Legal and Moral Considerations:
Soldiers do have a legal obligation to take into account the damage that will be done to civilian life and property when they apply force. When the duly appointed representatives of a nation agree to ratify a treaty, the nation, including the individuals subject to its laws, become subject to the provisions of that treaty. For this reason, soldiers belonging to nations that have signed international treaties regarding proper conduct in war are legally obligated to consider those provisions when applying force. The provision that most directly applies to the application of force is that provision that deals with proportionality. According to the Law of War, soldiers are obligated to ensure
…loss of life and damage to property incidental to attacks must not be excessive in relation to the concrete and direct military advantage expected to be gained. Those who plan or decide upon an attack, therefore, must take all reasonable steps to ensure not only that the objectives are identified as military objectives or defended places . . . but also that these objectives may be attacked without probable losses in lives and damage to property disproportionate to the military advantage anticipated.
While this can require soldiers to limit force by the constraint of how much military advantage is to be gained, it does not require them to minimize it. Furthermore, proportionality does not preclude some actions that many would still find objectionable. For example, it would not preclude killing some civilians in order to achieve any military objective, as long as the harm done was proportional to the advantage gained. Take for example the situation at No Gun Ri, where American soldiers are accused of intentionally killing hundreds of civilians in the beginning moments of the Korean War. Some of the arguments advanced to justify their actions have been that killing the civilians was necessary to prevent the greater harm of allowing enemy agents and soldiers through friendly lines.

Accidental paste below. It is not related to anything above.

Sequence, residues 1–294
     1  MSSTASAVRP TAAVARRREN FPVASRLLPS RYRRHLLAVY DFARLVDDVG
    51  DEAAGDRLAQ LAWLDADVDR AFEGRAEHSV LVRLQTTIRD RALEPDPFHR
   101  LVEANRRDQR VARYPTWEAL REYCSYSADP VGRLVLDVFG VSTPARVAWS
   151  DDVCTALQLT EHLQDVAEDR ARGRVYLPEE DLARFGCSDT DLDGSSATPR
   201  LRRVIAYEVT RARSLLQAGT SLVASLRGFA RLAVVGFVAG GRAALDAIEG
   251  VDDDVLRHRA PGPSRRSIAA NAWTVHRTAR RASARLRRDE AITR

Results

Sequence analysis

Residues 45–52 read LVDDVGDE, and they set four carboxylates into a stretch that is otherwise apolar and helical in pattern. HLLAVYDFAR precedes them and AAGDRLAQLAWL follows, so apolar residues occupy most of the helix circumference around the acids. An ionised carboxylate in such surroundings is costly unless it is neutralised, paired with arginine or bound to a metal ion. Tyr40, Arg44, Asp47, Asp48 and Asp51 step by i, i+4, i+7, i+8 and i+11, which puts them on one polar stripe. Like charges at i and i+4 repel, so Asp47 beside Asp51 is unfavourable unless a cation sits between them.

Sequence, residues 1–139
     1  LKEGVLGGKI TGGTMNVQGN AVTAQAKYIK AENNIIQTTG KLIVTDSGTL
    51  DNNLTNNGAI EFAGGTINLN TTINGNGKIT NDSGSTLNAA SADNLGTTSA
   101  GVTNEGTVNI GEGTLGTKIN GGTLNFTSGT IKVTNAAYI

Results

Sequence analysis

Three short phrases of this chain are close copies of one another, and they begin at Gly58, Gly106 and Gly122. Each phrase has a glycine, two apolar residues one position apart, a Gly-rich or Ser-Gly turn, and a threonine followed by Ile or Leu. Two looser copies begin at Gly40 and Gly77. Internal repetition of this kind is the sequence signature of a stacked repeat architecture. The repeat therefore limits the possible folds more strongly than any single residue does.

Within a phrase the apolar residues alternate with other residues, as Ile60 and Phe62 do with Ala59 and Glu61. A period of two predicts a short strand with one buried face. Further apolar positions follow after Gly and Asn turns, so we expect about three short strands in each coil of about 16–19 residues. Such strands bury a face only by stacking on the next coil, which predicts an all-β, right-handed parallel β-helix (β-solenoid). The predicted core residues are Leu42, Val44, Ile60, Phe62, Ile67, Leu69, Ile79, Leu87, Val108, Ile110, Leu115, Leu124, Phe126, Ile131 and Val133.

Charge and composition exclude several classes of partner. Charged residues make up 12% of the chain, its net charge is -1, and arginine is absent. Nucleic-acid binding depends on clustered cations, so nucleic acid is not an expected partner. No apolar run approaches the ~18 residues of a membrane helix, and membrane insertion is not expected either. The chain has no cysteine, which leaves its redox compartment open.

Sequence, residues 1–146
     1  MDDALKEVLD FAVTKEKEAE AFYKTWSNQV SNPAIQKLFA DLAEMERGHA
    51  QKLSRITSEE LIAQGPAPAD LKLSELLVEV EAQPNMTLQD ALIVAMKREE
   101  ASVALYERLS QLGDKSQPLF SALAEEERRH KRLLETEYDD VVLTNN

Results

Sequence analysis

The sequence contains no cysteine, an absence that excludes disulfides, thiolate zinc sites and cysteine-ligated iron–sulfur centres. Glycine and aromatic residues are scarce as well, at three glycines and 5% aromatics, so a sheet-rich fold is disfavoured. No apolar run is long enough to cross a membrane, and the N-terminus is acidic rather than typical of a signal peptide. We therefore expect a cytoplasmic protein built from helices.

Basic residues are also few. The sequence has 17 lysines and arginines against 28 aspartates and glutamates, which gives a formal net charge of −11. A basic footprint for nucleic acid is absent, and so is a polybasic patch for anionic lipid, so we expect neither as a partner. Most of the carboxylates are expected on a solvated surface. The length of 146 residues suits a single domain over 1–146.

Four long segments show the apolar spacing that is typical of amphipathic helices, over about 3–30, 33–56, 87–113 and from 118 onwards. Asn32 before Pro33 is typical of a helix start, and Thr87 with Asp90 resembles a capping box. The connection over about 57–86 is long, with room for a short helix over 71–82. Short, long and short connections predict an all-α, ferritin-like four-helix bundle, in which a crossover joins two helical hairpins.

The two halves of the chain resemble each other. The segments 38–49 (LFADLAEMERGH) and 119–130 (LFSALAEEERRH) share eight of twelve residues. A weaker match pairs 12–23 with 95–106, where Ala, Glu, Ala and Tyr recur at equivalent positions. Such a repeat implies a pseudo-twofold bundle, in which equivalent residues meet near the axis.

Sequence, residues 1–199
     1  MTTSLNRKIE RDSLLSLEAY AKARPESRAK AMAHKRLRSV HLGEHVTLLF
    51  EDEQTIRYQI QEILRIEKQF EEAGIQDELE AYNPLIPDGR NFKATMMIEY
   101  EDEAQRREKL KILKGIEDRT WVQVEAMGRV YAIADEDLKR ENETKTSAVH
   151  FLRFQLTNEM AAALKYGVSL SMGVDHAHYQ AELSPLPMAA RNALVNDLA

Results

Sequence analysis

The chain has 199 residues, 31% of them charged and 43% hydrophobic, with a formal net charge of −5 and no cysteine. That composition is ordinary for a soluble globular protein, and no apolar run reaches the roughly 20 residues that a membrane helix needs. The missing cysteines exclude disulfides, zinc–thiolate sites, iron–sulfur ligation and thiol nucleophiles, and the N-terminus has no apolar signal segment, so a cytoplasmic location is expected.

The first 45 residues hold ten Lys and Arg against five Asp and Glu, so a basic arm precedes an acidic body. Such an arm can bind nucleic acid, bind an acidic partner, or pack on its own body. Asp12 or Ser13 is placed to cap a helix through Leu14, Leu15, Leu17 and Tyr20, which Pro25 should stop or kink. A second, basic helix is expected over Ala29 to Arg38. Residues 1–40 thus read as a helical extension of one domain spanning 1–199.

Although the letter of the law may not prohibit all acts we would like to call immoral, the spirit of the law does, and that spirit is found in the Just War Tradition. The Just War Tradition is that body of thought that represents man’s struggle with the tension between winning and fighting well. Since it has a long and deep history, it is difficult to make general comments regarding its content. To illustrate my point; however, I have chosen one of the more recent, and most restrictive versions of the ancient doctrine of double effect.
The doctrine of double effect is a Christian doctrine first formulated by St. Thomas Aquinas as a response to St. Augustine’s moral prohibition against self-defense. This doctrine results from the recognition that there is a moral difference between the consequences of our actions that we intend and those we do not intend, but still foresee. Thus, according to this doctrine, it is permissible to perform a good act that has bad consequences, if certain other conditions hold. Those conditions are: 1) the bad effect is unintended, 2) the bad effect is proportional to the desired military objective 3) the bad effect is not a direct means to the good effect and 4) actions are taken to minimize the foreseeable bad effects, even if it means accepting an increased risk to soldiers.
Double effect could further restrain how much force is permissible, and would preclude the soldiers’ actions at No Gun Ri. However, it does not require soldiers to understand necessity in terms of the least amount of force one can use and still accomplish the desired end. What I would like to discuss now is why that can be a problem in certain kinds of military operations.
An Example of the Application of Military Force:
Now that I have made the case that the law and morality of war only obligate soldiers to consider the most force permissible, rather than least possible, I now need to show that this causes a problem for extending these doctrines into the peacekeeping environments. It is not the case that I am arguing that soldiers are always obligated to consider the least amount of necessary. Sometimes, certainly in conflicts we would normally call wars, it is appropriate for commanders to consider the most amount of force that is legally and morally permissible so that they may better preserve soldiers’ lives. This approach, however, makes it difficult to extend current legal and moral doctrine to the peacekeeping environment. To understand why, consider the following example:
On 21 January 1996, an AK-47 let loose near a US dismounted patrol in the Zone of Separation [between Bosnian Serbs and Bosnian Muslims]. As rounds ripped through the troop formation of D Company, 3d Battalion, 5th Cavalry, the soldiers realized that this fire was not celebratory and instinctively sought cover. Tumbling behind the protection of their overwatching M2 Bradley Fighting Vehicle, the patrol chambered rounds and brought their weapons off safe.